A couple of weeks ago, Pauline Hanson put forward a motion asking that the Senate acknowledge these two points:
- The deplorable rise of anti-white racism and attacks on Western civilisation, and
- That it is okay to be white.
This motion was rightfully, albeit narrowly, shut down (although there is a better reason, in my view, than simply the ties to white supremacy movements).
The Coalition at first supported the motion, and then back flipped on that position when they got slammed by the Opposition and the public. They tried to spin it as an administration error, but that would be just as bad. Either our government is in support of the white supremacist movement, or they are so incompetent and lazy that they did not even bother reading two lines of text. Both are grounds for concern.
But antics of the Coalition aside, the motion itself poses some interesting questions. Firstly, what anti-white racism and attacks on Western civilisation are out there? As a straight white male, I am supposedly being oppressed by this wave of ‘otherness’ that does match my being. Well, as a straight white male, I honestly have no idea what Hanson is referring to. I’ve never felt as though my skin colour has determined what another thought of me; I know plenty of cases that go the other way though. And last I checked, white men still held the majority of seats in government, so the idea that our country is being dictated by other cultures is objectively false.
Then there’s the phrase “It’s okay to be white”. Well of course it is. It’s okay to be black too. Common sense and decency says that it should be okay to be of any ethnic descent. So why is it contentious to say it’s okay to be white? Well the simple answer is that the groups associated with that term take it beyond its literal definition. The people, like Hanson, who parrot it to cause controversy aren’t just saying that it is okay to be a particular colour. The implied meaning behind it is that it is not okay to not be white as well.
So when people, whether they believe in that implied definition or not, say it, they get labelled as white supremacists as well. I know people who genuinely believe they are being unfairly targeted with blanket statements simply because their skin colour, and that is why they repeat phrases like that. But it’s the same as when the March for Men took place in Melbourne in August. Men took to the streets in defence of men’s rights and to bring awareness to men’s issues. Not all them did so as an affront to women – they simply believed that there was so much focus now on equality for women it left men behind instead. This is arguably false, but the hashtag ‘not all men’ does apply. But the issue isn’t with these men’s motives.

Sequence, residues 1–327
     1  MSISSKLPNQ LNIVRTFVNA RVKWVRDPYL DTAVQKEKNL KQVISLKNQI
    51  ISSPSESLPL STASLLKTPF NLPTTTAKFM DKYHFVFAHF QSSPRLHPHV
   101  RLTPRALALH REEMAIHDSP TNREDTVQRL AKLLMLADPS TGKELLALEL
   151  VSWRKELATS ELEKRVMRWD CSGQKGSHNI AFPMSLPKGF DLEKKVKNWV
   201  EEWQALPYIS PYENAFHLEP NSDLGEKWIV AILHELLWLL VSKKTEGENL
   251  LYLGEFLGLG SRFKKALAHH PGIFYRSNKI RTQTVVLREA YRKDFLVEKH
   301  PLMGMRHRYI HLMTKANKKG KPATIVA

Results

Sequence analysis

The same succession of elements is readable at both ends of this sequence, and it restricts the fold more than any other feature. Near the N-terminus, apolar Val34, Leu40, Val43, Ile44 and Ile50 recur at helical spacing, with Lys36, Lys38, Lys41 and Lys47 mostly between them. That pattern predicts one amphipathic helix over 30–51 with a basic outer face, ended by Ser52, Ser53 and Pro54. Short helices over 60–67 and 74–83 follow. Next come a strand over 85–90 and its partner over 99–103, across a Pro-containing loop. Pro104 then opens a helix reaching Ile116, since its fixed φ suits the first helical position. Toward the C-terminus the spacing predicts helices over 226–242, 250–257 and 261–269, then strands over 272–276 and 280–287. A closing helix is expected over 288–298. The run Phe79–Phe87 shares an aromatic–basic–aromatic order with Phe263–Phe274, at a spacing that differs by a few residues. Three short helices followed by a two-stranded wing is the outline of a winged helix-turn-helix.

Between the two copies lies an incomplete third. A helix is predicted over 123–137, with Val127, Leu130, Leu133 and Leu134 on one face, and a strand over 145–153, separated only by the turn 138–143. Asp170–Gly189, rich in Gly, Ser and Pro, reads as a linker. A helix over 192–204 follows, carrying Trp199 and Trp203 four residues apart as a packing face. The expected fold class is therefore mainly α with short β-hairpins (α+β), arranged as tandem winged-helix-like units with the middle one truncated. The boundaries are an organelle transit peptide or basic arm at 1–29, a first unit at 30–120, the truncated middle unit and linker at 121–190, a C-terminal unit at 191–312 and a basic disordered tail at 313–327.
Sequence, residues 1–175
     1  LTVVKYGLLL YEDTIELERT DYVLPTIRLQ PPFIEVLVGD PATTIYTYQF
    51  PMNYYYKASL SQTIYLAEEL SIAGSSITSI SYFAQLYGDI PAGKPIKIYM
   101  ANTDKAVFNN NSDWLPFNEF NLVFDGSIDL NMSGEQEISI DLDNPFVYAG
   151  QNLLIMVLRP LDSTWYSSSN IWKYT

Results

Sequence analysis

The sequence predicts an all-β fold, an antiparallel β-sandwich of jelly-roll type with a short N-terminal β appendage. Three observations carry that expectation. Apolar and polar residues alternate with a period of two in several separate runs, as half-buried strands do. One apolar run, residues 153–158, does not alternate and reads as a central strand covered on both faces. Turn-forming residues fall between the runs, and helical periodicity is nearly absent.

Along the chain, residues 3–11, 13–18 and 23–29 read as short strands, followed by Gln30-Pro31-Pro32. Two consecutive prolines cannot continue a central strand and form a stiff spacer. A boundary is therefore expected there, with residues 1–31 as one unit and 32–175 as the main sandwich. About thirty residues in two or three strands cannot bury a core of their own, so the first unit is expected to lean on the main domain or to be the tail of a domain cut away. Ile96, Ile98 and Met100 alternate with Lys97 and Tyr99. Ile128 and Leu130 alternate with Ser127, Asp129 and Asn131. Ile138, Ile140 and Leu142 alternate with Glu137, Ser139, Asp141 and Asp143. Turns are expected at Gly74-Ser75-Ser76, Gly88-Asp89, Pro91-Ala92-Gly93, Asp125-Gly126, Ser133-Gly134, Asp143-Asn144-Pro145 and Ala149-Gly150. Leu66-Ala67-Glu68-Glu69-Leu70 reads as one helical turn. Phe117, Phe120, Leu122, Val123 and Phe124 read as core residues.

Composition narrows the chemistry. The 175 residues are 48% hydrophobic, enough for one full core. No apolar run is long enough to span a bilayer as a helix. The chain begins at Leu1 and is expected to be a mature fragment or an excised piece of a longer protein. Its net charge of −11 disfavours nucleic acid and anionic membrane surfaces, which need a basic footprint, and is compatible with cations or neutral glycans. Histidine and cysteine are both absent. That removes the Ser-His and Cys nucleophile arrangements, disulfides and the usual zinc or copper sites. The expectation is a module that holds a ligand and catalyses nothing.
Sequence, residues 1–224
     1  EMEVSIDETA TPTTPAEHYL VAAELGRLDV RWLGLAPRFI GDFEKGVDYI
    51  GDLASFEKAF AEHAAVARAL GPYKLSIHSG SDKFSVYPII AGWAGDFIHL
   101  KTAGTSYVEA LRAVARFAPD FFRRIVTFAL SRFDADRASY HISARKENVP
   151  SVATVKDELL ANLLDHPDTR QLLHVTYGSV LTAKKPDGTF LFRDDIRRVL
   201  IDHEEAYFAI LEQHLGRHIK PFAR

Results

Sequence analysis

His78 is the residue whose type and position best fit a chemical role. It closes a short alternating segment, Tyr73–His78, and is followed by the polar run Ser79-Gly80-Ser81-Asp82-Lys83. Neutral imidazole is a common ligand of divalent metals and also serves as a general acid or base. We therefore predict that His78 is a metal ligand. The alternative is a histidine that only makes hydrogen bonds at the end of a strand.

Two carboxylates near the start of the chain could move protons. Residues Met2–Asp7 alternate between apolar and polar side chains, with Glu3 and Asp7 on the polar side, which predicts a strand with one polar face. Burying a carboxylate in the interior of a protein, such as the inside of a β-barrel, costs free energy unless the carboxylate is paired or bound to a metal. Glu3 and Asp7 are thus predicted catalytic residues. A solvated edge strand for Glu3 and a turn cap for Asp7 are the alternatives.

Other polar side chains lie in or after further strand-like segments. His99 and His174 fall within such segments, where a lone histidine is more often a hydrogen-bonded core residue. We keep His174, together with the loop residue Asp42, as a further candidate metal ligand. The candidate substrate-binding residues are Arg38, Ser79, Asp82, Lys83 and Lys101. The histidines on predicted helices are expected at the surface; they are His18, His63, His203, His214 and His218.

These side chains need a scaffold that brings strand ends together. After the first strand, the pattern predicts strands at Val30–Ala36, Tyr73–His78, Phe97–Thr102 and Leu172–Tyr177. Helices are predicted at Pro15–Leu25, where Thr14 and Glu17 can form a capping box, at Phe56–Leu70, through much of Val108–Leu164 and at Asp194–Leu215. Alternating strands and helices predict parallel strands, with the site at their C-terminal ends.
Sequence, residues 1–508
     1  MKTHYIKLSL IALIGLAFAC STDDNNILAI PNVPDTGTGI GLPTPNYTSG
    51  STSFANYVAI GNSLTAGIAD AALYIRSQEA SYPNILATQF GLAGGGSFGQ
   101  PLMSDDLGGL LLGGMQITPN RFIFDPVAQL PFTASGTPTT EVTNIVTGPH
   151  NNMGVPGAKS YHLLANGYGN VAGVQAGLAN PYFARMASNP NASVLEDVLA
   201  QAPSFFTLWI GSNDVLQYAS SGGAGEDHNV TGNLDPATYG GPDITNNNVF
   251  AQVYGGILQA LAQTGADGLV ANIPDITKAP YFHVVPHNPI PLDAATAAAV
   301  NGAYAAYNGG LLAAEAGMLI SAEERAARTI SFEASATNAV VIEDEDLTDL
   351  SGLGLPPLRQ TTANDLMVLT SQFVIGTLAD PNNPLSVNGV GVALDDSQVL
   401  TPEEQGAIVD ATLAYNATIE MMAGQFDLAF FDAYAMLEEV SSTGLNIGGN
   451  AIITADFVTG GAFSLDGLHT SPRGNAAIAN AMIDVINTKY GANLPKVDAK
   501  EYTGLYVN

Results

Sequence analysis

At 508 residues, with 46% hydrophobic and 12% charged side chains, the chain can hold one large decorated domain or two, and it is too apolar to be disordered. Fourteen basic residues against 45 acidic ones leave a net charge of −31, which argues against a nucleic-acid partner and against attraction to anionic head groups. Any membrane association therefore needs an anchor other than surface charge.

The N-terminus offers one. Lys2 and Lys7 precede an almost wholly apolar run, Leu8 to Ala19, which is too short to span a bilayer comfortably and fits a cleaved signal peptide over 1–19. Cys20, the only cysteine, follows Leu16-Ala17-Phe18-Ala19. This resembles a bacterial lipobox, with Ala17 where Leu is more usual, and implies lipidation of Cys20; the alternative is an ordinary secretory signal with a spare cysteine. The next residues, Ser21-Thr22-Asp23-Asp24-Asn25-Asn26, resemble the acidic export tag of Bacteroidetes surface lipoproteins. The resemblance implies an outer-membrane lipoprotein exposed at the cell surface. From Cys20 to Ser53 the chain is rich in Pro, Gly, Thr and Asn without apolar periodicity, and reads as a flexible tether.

The woman (yes, woman) behind the March, Sydney Watson, is a massive Trump supporter whose main followers believe Trump to be the moderate hero of ‘traditional values’. She provokes tensions by perpetuating the divide between ‘left and right’ not through arguments, but by simply calling all ‘leftist’ ideas stupid, and daring people to ‘shame’ her for being ‘a proud nationalist Australian’. This brings in the white male supremacist crowd; this is why people associated with men’s rights or movements for white people get labelled that way.
Because the people behind these movements are pretty f*cked.
But this still leaves people feeling disenfranchised (whether they are or not). Bringing awareness to male mental health issues (for example) is important, but when you approach it in a way they diverts focus away from the issue itself and towards a divisive gender-based argument, you lose all credibility. Yes, campaign for awareness of men’s rights if you want, but don’t rally behind professional provocateurs to do so, because they are not experts in these matters. Find legitimate causes and studies by respectable people, then present your case.
The same applies with the “it’s okay to be white” slogan. Yeah, it is okay, but phrases like this have more context than just its literal meaning. People aren’t telling anyone that it isn’t okay to be white. People are asking white people to recognise that there is institutionalised racism and sexism and to help, together, so we can move forward as a society and change things. Chanting slogans and joining rallies led by a woman who once wore a “Grab ‘em by the pussy” t-shirt drives us further apart. Rather than follow the populist route, acknowledge issues everyone faces, regardless of colour, regardless of gender. Because at the end of the day…
It’s okay to be human.